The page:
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As A Very "Grim" Earnings Season Unfolds, All Eyes Will Be On This Company

Earlier this week we said that with the third quarter just days away from the history books, Wall Street is preparing for the worst earnings season since 2009, with Factset further noting that "if the index reports a decline in earnings for Q3, it will mark the first back-to-back quarters of earnings declines since 2009."

We presented the following table from ISI which showed that not only is the US now officially in a revenue recession, with every single quarter in 2015 set to post a decline from the previous year, with even the overly optimistic consensus case of a 4% increase in Q1 2016 revenues unable to regain sales last seen in Q3 2014, but S&P500 expected earnings in Q1 2016 of 119, a 6% increase from the previous year, will barely put the market back to levels seen in Q3 2014. 

But before we get there we have to get through Q3: a quarter when not only revenues are set to tumble another 5%, but this time not even hundreds of billions in buybacks will prevent the  EPS from sliding, and according to Factset, Q3 EPS are set to tumble 4.5%.

In other words, while the revenue recession continues, the S&P 500 is about to enter its first earnings recession in six years.

Earlier today the mainstream media caught up noting that "Wall Street is bracing for a grim earnings season, with little improvement expected anytime soon" and added some facts of its own: expectations for future quarters are falling as well. A rolling 12-month forward earnings per share forecast now stands near negative 2 percent, the lowest since late 2009, when it was down 10.1 percent, according to Thomson Reuters I/B/E/S data.

"The 3.9 percent estimated decline in third-quarter profits - down sharply from a July 1 forecast for a 0.4 percent dip - would be the first quarterly profit decline for the S&P 500 since the third quarter of 2009."

"Earnings recessions aren't good things. I don't care what the state of the economy is or anything else," said Michael Mullaney, chief investment officer at Fiduciary Trust Co in Boston. Michael is clearly paid the "big bucks" for a reason.

Another investor paid big bucks is Daniel Morgan, senior portfolio manager at Synovus Trust Company in Atlanta, Georgia, who cited earnings growth as one of the drivers of the market: "How can we drive the market higher when all of these signals aren't showing a lot of prosperity?"

How indeed.

And while in the past attention has traditionally fallen on AAPL as the marginal source of growth, this time not even AAPL can save the market-leading tech sector. As we showed two weeks ago, even with AAPL, Q3 Info-Tech EPS are set to record their first annual drop since Q2 2013. Should AAPL stumble if as some suggest iPhone 6S sales are far weaker than expected, and watch the bottom fall out from under the market.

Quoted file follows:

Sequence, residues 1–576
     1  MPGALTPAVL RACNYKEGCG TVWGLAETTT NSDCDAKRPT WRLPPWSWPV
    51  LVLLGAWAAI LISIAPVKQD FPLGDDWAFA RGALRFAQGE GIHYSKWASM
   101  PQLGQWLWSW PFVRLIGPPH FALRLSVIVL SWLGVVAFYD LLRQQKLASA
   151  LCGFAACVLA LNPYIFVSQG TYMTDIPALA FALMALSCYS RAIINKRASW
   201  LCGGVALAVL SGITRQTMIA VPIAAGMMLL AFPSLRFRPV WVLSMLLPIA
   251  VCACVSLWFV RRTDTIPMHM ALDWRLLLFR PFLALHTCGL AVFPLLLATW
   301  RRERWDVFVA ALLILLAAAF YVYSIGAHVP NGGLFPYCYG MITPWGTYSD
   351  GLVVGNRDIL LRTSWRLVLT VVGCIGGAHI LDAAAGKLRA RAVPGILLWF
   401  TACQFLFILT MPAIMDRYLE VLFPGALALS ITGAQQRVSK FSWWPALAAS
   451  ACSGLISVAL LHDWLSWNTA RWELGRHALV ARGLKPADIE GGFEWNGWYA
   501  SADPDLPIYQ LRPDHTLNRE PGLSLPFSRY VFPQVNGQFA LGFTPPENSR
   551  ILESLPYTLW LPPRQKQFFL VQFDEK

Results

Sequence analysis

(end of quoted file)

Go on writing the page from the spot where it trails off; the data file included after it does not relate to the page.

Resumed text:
But it isn't AAPL that everyone will be looking at this quarter - the company that will make or break the Q3 earnings season is not even a tech company at all, but a financial: it's Bank of America.

The reason, as Factset points out, is that thanks to a base effect from a very weak Q3 in 2014, Bank of America is not only projected to be the largest contributor to year-over-year earnings growth for the Financials sector, but it is also projected to be the largest positive contributor to year-over-year earnings for the entire S&P 500!

The positive contribution from Bank of America to the earnings for the Financials sector and the S&P 500 index as a whole can mainly be attributed to an easy comparison to a year-ago loss. The mean EPS estimate for Bank of America for Q3 2015 is $0.36, compared to year-ago EPS of -$0.01. In the year-ago quarter, the company reported a charge for a settlement with the Department of Justice, which reduced EPS by $0.43. Bank of America has only reported a loss in two (Q1 2014 and Q3 2014) of the previous ten quarters.

This is how big BofA's contribution to Q3 earnings season will be: if Bank of America is excluded from the index, the estimated earnings growth rate for the Financials sectors would fall to 0.7% from 8.2%, while the estimated earnings decline for the S&P 500 would increase to -5.9% from -4.5%.

In other words, if BofA has some major and unexpected litigation provision or some "rogue" loss as a result of marking its deeply underwater bond portfolio to market as Jefferies did last week pushing its fixed income revenue (not profit) negative, the drop in the S&P will increase by a whopping 30%, and all due to just one company.

Finally, if the market which has been priced to perfection for years finally cracks - and by most accounts it will be on the back of bank earnings which have not been revised lower to reflect a reality in which the long awaited recovery was just pushed back to the 8th half of 2012, and where trading revenues are again set to disappoint - then the recently bearish David Tepper will once again have the final laugh because not only will the new direction in corporate revenues and earnings by confirmed, but a very violent readjustment in the earnings multiple would be imminent. As a reminder, Tepper hinted that the new fair multiple of the S&P 500 would drop from 18x to 16x. Applying a Q3 EPS of 114 and, well, readers can do their own math...